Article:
Earlier this week, Respawn announced it would be removing "tap-strafing" (a trick that let you pull off ridiculously fast aerial turns) from Apex Legends. Suffice to say, that hasn't gone down well with the community, who have accused the developer of neutering a game that thrives on weird, arcane movement techniques.
In an attempt to calm fan fears, Apex associate live balance designer John "JayBiebs" Larson took to Twitter to explain the team's thinking in removing the fan-favourite trick.
For context: "tap-strafing" is a technique in which, by rapidly inputting forward movement commands, players can perform sharp turns in mid-air while conserving speed. While it's a little finicky to pull off (and, importantly, impossible to pull off on gamepad), it becomes far easier if you map forward to scroll wheel—allowing for some truly outrageous plays.
"The player in me loves the idea of it for skill expression" writes Larson. "A monkey would be a better MnK player than me, but I took some time to experiment with scroll-wheel strafing in particular. I felt the dopamine rush, I thought about the outplay opportunities, and I love tuning into streams to see flashy plays. However, my designer brain started to churn, and the more I saw, the more I felt this mechanic seemed like forbidden fruit."
Much of Larson's post dives into the messy business of balancing a game with cross-play across platforms, and elaborates on the three reasons Respawn initially gave for removing tap-strafing (that it's "inaccessible, lacks readability/counterplay, and is exacerbated by movement abilities"). But he also hits on the idea of "mobility creep" in Apex's design—and that while the team is often excited to see new tricks the community discovers, too much mobility wreaks havoc on other areas of the game's design.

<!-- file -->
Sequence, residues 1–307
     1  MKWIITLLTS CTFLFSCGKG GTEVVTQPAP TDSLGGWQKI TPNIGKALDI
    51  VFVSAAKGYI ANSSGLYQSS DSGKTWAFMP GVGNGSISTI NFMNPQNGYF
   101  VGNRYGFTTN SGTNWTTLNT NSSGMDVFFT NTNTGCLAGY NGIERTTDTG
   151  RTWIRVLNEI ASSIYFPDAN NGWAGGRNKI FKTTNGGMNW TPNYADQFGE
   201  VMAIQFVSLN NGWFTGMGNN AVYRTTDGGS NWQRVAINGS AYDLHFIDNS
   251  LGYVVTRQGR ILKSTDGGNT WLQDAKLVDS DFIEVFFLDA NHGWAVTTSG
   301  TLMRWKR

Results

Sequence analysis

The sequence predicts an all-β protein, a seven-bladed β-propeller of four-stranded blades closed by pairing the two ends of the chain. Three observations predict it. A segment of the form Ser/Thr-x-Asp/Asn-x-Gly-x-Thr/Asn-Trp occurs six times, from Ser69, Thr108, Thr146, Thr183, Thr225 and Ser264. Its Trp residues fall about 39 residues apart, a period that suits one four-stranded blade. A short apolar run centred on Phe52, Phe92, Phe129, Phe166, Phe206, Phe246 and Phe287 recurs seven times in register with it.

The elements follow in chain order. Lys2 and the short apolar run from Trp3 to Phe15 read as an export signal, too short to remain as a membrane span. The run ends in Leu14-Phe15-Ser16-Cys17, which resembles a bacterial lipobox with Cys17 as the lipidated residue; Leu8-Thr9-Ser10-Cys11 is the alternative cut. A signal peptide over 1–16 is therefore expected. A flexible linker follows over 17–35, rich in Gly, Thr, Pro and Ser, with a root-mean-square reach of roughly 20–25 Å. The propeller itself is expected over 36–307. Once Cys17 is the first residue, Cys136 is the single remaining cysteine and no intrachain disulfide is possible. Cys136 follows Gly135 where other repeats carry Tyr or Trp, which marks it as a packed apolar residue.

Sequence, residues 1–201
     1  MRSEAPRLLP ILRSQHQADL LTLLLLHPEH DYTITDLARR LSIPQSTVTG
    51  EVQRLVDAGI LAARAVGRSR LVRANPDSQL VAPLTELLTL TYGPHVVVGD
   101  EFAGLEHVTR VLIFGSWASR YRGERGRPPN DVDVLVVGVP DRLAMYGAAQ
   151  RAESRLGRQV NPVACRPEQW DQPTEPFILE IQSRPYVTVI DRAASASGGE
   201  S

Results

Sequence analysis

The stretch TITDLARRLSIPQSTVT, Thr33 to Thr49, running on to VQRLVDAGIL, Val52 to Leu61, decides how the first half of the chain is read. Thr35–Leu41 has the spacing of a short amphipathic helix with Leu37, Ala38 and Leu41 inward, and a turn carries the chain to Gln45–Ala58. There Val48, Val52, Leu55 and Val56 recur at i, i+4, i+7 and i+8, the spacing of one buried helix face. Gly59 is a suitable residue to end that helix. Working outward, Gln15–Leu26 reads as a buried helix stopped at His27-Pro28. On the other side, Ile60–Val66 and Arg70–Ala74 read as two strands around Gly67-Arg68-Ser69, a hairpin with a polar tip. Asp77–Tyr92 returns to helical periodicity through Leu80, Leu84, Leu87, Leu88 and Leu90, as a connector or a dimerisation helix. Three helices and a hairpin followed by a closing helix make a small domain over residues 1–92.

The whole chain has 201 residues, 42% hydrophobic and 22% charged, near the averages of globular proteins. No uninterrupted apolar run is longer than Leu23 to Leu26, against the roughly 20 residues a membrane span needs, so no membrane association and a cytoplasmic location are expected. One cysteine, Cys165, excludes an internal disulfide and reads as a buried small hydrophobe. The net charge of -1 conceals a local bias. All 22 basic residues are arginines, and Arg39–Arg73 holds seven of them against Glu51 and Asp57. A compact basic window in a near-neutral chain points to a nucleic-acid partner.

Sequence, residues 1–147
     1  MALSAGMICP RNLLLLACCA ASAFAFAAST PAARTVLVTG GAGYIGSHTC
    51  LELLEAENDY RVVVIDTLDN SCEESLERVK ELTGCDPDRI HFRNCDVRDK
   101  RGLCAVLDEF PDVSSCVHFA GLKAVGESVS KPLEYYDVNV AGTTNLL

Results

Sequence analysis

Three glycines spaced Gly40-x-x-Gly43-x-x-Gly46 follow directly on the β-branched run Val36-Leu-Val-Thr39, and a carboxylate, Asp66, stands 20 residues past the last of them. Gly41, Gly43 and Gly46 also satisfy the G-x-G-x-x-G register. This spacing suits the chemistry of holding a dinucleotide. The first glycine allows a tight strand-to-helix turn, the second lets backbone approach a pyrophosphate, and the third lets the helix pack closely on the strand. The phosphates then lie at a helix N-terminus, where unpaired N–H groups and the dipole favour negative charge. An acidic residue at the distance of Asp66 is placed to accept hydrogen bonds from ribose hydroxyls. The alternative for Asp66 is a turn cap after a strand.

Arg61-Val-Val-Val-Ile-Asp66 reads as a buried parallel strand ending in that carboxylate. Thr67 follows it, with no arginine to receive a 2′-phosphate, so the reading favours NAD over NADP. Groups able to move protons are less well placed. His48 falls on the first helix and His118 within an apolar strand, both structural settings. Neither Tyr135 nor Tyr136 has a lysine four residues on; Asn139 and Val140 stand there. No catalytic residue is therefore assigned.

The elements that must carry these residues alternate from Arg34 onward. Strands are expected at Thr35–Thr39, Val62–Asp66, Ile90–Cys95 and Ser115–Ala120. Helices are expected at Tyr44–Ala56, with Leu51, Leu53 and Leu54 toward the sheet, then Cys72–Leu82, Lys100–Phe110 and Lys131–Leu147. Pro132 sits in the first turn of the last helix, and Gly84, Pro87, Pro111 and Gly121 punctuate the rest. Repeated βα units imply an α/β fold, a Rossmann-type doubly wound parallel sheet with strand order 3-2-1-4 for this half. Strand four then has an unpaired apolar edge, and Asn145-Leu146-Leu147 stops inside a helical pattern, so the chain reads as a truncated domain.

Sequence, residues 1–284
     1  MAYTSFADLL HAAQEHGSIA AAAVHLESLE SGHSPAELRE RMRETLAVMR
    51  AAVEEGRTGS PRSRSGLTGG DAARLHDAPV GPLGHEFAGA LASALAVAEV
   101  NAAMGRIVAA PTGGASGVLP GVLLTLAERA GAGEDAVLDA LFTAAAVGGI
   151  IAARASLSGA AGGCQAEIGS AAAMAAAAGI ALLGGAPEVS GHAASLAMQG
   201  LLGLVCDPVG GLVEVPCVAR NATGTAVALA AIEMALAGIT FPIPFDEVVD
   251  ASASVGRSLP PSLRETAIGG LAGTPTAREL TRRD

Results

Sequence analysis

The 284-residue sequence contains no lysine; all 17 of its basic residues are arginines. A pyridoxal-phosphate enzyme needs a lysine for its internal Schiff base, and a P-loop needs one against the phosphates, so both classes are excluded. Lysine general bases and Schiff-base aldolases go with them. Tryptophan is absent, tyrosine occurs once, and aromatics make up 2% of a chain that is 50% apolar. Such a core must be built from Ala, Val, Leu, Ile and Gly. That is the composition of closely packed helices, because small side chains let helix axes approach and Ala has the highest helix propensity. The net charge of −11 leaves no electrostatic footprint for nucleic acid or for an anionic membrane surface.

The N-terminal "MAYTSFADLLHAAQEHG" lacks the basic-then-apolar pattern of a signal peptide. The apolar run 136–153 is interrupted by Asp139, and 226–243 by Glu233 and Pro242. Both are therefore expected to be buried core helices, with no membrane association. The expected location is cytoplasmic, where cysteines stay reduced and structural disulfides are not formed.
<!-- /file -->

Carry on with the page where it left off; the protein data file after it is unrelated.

Apex isn't Titanfall, after all. The two may share similarities, but Respawn doesn't want its battle royale to boil entirely down to who can whip themselves through the air the fastest.
"While many love the freedom that Apex’s movement system affords, constraints are just as important. It’s not surprising that mobility legends are highly popular. Why don’t we just do more of that? Well, over time (and I’d say we are already seeing it) mobility creep opens a Pandora's box. How is third party rate affected by mobility? Within a fight, how are frontlines defined? How quickly can I close the gap on an enemy? The game is designed to work well with a finite number of movement possibilities," writes Larson.
"Players aren’t consciously thinking about these things most of the time, but it’s the summation of all the little things that help define the unique feel of Apex. If this was Octane legends (more so than it already is), can you imagine how much we’d have to buff defensive character abilities to stand a fighting chance?"
Still, so much of the joy of Apex comes from this kind of informal movement tech, and Larson stresses that Respawn is working to ensure that other tricks aren't caught in the crossfire. You should still be able to wall-bounce to your heart's content, even after tap-strafing gets nuked.
But balancing games is a tricky thing. And, as fun as tap strafing may have been for the overwhelming minority of players who used it, its removal ultimately seems in the best interests of the game.